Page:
Theatre of the week: Under Milk Wood, The Jungle Book and the Royal Ballet’s Beauty Mixed Programme
Across the country, outdoor (and indoor) theatre is flourishing in these socially distanced times
“To begin at the beginning,” runs the opening line of Under Milk Wood, Dylan Thomas’s great “drama for voices” about life in and around the peculiar, fictional Welsh town of Llareggub. But in Lyndsey Turner’s terrific new staging at the National Theatre (until 24 July, in the Olivier), the line is “not quite the beginning”, said Sarah Hemming in the FT.
A framing prologue has been added, in which a middle-aged man is visiting his father, a dementia patient, in a care home – and uses Thomas’s text as a way of trying to reconnect with him. It proves an “inspired and poignant” approach, in a production that benefits from some fine acting, including an “outstanding” central turn from Michael Sheen: his performance is “magnetic” and “immensely moving”.
Across the country, outdoor theatre is flourishing in these socially distanced times, said Jo Caird in The Guardian. Pitlochry Festival Theatre, for example, is marking its 70th anniversary with the opening of three new performance spaces in its riverside gardens. In Suffolk, a vast Second World War bomb crater has been transformed into a woodland amphitheatre at Thorington. And even the RSC has built a new Garden Theatre on the banks of the Avon.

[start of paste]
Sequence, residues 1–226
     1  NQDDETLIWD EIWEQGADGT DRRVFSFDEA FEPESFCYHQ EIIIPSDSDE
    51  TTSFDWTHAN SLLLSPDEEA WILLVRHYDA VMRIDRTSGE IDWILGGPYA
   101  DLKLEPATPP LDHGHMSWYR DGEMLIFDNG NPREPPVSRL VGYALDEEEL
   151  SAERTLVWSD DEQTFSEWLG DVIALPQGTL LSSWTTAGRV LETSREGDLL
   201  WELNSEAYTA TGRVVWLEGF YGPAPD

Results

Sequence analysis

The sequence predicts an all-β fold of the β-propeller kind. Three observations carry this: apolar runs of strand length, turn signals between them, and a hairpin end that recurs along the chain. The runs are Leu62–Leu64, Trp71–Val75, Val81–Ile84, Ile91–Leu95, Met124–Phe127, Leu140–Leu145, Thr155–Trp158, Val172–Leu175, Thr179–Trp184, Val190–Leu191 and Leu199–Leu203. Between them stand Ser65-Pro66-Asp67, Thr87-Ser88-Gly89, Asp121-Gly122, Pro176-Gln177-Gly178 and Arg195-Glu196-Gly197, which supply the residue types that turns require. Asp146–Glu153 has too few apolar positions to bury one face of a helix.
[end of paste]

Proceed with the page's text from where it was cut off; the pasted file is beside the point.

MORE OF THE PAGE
One of the first big summer shows to open is The Jungle Book at Chester’s well-established Grosvenor Park Open Air Theatre, said Clare Brennan in The Observer. Glyn Maxwell’s “witty script” is pitched just right, between the well-loved Disney animation and Rudyard Kipling’s original text. Gitika Buttoo’s direction delivers “satisfying surprises”; the cast of actor-musicians “rock in multiple roles”; and the charming design – featuring beds of real plants and newly planted trees – is “ecology in action”.
The Royal Ballet has reopened with a new three-hour, three-part performance under the billing Beauty Mixed Programme (select dates until 11 July; live stream on 9 July). Owing to some of the dancers having to self-isolate, choreographer Valentino Zucchetti was reworking his new Anemoi until “right before curtain up”, in an effort to “keep the show on the road”, said Zoe Anderson in The Independent. “It was a very assured re-stitching, with no obvious trailing threads.”
Still, this is fairly conventional stuff: “ballet people doing ballet things”. There’s more character in the second part of the show, Divertissements, “with each short work creating a distinctive mood”. Wayne McGregor’s Morgen is set to a Richard Strauss song, sung by Sarah-Jane Lewis; Laura Morera and Ryoichi Hirano perform a duet from Kenneth MacMillan’s Winter Dreams.
For the stand-alone finale, Marianela Nuñez and Vadim Muntagirov star in the wedding celebration (scaled down, as so many weddings currently are) from the third act of The Sleeping Beauty, ending the evening with a “fairytale glow”.